How Pennsylvania can avoid voter fraud in 2024: A relatively simple solution

By Kyle Miller

During the last federal election of 2022, some concerning things happened here in Pennsylvania. Three counties — Allegheny, Berks and Fayette — delayed certifying their primary election results until they were forced to do so by court order, nearly two months after the legal deadline. Certification is the usually mundane but crucial process by which local electoral boards make their vote counts official and forward them to the Commonwealth Minister.

After the November general election, more than 170 recount requests were filed in at least 27 counties. And these recount petitions in the United States Senate and governor races contained not a single specific allegation of fraud or error. In some cases, these recount requests were filed by the same election officials who had signed off on the election night vote count that they were now requesting a recount.

Under Pennsylvania law, any three voters can request a recount without providing a reason forcing a recount. The countless recount requests led to the most delayed statewide certification date in years – December 22nd.

While these events had little to no impact on the outcome of the 2022 general election, similar unfounded delays in certification this November could seriously jeopardize the status of Pennsylvania's presidential election. By now, Pennsylvania residents are familiar with the Electoral College, the system of electing presidential electors by proxy who will gather in Harrisburg on December 17 to officially cast their vote for the winning candidate based on the certified votes of Pennsylvania residents.

These results will then be sent to Congress for counting on January 6th. But sending Electoral College ballots to Congress is the final step in a chain reaction of procedures that begins long before a single vote is cast.

This chain of procedures includes the initial counting of the total number of precinct and absentee ballots on election night, the official collection and reporting of precinct results to the Secretary of the Commonwealth, and final certification by the precincts on or before the third Monday following Election Day.

Each step requires tremendous effort and care on the part of nonpartisan election officials and their staff, elected and appointed election officials, and members of a county election board. Unconfirmed glitches or delays in any of these steps could result in the will of Pennsylvania's nearly 7 million voters being undermined or even overturned.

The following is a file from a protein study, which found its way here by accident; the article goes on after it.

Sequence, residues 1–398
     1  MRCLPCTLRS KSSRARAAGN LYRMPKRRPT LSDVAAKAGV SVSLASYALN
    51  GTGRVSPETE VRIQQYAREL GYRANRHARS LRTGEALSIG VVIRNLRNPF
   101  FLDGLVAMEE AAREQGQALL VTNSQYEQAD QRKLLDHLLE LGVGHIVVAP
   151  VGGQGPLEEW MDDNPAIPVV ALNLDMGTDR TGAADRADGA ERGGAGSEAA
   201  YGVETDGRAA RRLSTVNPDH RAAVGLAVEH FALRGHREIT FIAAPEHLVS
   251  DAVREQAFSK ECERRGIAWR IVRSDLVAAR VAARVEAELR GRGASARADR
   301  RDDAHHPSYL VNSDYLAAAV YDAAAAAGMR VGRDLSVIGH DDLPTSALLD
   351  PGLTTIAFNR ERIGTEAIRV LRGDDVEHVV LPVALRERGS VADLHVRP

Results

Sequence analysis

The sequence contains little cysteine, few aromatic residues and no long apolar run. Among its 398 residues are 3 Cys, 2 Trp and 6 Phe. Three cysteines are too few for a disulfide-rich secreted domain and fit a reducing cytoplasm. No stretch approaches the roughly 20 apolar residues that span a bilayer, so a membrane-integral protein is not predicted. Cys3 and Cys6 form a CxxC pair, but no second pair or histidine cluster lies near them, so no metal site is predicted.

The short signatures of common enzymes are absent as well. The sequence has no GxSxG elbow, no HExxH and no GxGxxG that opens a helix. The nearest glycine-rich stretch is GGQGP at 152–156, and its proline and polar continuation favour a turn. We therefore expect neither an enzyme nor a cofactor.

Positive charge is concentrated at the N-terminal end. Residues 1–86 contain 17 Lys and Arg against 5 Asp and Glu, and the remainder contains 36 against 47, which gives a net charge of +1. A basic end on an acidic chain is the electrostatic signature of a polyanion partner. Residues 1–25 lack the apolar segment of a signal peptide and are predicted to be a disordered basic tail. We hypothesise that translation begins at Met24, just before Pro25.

In 2022, Congress passed the Electoral Count Reform Act to prevent a repeat of the dangerous exploitation of ambiguities in the Electoral College process that was exploited up to and including January 6, 2021. The candidate who received the most votes nationwide must vote no later than January 11. To be appointed by the Governor in December 2024. And in order for this crucial part of the electoral process to take place, each and every one of Pennsylvania's 67 counties must certify their election results.

What happens if Pennsylvania experiences court challenges similar to those in 2022, delaying certification beyond December 11? Well, no one knows for sure, since the new law hasn't been tested yet (it involves an expedited federal court process to resolve some certification issues).

But the Pennsylvania Supreme Court could almost certainly be asked to interpret Pennsylvania's election law again – and again, perhaps based on hundreds or thousands of recount requests that have been filed without any concrete evidence or allegations of fraud.

Here's the thing: There's a relatively simple solution to this looming (unnecessary) threat. Lawmakers must do their utmost to ensure that votes are counted and legitimate challenges are resolved as quickly as possible and without unwarranted disruptions or delays.

These include minor, administrative changes to election law, including a simple requirement that all challenges allege a specific case of fraud or error; and/or requiring that the financial threshold for filing such challenges reflect the actual costs associated with conducting a recount.

Currently the fee for this is $50, which has not changed since it was introduced in the 1930s. Adjusted for 2024, this fee would be over $1,000.

If you think such administrative adjustments seem logical and, hey, let's get this done – agree, but it will require a coalition of lawmakers from the other side banding together and resisting their usual last-minute urges add unnecessary changes. Given the historic lack of trust between the chambers, that in itself is no easy task. But it is achievable. And it's worth it.

In the 2020 election, local election officials did everything in their power – a truly herculean effort in the midst of a pandemic – to ensure that every lawful voter had the opportunity to cast their ballot safely. In 2024, Pennsylvania lawmakers have the opportunity to find such simple, common-sense solutions and pass a bill that would be a win-win for their constituents, themselves and democracy.

Kyle Miller is a political strategist at Protect democracy, a non-profit organization against authoritarianism. He previously served as executive director of the Pennsylvania Senate State Government Committee and as a senior staff member of the Senate Democratic Caucus.

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